The mechanism of lightning strikes on oil tanks

The mechanism of lightning strikes on oil tanks


The mechanism of lightning strikes on oil tanks

The mechanism of lightning strikes on oil tanks
The mechanism of lightning strikes on oil tanks
(1) Direct lightning strike
Naming the connection point between lightning and the ground or structure as "connection point" is a standard naming. The connection point of the storage tank is in the highest vertical electric field area, which includes the edge of the storage tank, vents, guardrails, dipsticks (dipsticks), lights and other objects on the top of the shell, or includes large storage tanks The floating roof itself. When the thunderbolt descends to the ground, it does not take a separate path.
The lightning current is divided in proportion to the surge impedance of each effective path. Starting from the connection point, current flows as a thin layer on all conductive paths. As the current spreads over a larger area, the surface charge is neutralized. Any discontinuity in the current path will create an arc on the gap.
Note that the fast high current pulse flows down the inside of the housing, and flows through the edge seal and the top of the floating roof. (Only two routes are shown: in fact, the current flows across the top of the tank top and passes through the edges along the entire tank top perimeter to seal.)

(2) Indirect lightning strike

If a lightning strike occurs near the tank, some current will flow on the outer skin of the tank shell and flow down through the floating roof to the ground on the other side of the tank shell. Compared with the storage tank directly struck by lightning, the energy of the discharge current passing through the storage tank is much smaller at this time. Like a direct lightning strike, any discontinuity in the current path will cause an arc in the gap.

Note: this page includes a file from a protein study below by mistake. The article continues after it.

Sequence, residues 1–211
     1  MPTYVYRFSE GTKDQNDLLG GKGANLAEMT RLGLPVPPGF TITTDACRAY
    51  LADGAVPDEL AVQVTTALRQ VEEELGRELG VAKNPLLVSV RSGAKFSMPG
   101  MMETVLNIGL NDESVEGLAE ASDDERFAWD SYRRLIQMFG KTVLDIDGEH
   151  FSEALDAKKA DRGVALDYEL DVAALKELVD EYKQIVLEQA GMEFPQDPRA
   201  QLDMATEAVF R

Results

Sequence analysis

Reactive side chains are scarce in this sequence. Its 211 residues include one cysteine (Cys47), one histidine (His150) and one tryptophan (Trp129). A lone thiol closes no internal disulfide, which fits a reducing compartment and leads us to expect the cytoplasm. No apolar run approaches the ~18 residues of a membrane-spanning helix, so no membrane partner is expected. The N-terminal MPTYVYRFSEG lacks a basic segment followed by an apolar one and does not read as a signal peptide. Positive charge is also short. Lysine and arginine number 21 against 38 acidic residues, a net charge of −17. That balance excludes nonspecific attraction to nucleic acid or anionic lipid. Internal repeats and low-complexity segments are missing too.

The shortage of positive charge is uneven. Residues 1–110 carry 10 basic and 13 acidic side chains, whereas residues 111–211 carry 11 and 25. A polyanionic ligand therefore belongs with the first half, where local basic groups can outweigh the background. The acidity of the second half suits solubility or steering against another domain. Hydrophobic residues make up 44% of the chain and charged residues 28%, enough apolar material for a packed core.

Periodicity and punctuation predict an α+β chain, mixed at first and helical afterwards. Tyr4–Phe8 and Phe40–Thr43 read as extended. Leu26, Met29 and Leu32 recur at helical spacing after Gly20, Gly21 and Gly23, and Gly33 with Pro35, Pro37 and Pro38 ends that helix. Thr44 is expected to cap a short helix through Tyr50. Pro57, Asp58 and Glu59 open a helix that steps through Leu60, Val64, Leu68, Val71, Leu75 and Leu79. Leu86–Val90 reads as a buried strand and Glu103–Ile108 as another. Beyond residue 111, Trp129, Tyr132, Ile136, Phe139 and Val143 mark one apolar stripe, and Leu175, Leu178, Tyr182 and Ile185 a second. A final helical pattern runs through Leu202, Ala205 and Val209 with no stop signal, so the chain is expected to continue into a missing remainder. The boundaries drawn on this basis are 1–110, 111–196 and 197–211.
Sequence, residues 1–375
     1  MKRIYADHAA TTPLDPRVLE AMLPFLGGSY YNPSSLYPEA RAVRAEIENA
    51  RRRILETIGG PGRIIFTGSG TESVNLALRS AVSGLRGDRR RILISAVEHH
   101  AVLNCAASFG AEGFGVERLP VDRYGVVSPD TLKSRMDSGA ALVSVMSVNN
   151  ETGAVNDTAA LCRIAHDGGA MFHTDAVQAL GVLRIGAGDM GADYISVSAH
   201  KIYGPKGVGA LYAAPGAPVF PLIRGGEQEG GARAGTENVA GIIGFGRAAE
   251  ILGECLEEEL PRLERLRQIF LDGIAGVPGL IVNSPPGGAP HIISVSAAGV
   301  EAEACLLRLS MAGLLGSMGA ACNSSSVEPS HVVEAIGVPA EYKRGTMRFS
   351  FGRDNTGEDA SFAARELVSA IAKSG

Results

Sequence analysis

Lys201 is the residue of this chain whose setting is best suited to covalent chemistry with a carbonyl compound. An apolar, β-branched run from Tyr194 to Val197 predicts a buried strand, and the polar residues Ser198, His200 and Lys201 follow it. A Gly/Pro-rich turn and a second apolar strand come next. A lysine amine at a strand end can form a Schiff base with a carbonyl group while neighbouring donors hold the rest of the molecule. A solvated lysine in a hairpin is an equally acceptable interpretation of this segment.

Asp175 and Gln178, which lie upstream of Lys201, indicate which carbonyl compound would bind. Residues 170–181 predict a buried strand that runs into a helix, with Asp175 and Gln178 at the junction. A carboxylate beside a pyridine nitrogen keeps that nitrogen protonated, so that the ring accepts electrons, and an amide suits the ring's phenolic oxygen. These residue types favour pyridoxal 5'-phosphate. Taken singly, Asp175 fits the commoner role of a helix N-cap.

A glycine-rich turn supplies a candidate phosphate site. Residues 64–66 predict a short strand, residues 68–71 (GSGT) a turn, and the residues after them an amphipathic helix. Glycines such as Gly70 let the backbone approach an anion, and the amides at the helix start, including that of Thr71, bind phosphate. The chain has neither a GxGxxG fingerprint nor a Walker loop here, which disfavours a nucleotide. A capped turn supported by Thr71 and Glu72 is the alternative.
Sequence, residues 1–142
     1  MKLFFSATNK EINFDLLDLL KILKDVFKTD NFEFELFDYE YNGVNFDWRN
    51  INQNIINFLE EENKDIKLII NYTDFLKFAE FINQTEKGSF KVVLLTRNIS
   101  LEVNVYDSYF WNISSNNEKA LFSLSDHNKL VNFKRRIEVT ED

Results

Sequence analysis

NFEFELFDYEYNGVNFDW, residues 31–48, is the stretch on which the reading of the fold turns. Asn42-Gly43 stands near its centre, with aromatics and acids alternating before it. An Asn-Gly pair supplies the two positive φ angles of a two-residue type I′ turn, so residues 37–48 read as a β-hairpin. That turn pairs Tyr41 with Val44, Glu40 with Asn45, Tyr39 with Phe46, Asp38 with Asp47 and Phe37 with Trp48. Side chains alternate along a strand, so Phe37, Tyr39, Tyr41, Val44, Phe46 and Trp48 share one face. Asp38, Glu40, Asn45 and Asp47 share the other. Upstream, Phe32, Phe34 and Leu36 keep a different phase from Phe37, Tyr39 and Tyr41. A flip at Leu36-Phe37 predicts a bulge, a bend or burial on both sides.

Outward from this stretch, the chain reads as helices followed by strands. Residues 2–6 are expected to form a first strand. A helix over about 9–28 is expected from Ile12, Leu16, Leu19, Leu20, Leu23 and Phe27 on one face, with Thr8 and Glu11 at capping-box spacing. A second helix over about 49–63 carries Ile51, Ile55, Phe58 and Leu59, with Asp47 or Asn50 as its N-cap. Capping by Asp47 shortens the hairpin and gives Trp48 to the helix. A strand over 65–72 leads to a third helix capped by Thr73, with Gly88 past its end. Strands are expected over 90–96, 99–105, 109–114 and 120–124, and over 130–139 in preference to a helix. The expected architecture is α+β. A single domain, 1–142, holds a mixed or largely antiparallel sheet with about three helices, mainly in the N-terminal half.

The current spreads out from the lightning connection point, including to the storage tank, upwards and on the storage tank, and downwards along the far side, as shown by the typical current flow lines and arrows. This current flow plan is only suitable for fast high current pulses. Continuous current flows only along the ground and bottom of the tank.

(3) sparks to fire

The reason why sparks are generated is because: due to the driving current on the storage tank or close to the storage tank flowing through the floating roof (through the conductive sheet or through any contact between the floating roof and the shell intentionally or unintentionally) Any lightning strikes of other metals have a tendency to generate electric current, so sparks are most likely to cause a tank fire on the outer floating roof tank due to lightning.

The following considerations should be made for air gap sparks:

1) The air gap spark appears in such a place, that is, there is a small gap between the conductive objects in the part, where lightning generates a sufficiently large voltage, which can cause air or steam-air mixture in the air gap Electrical breakdown has occurred.

2) If it is in the range of flammable mixture, an air gap spark with an energy higher than 0.2 mJ is sufficient to ignite the steam-air mixture of the product.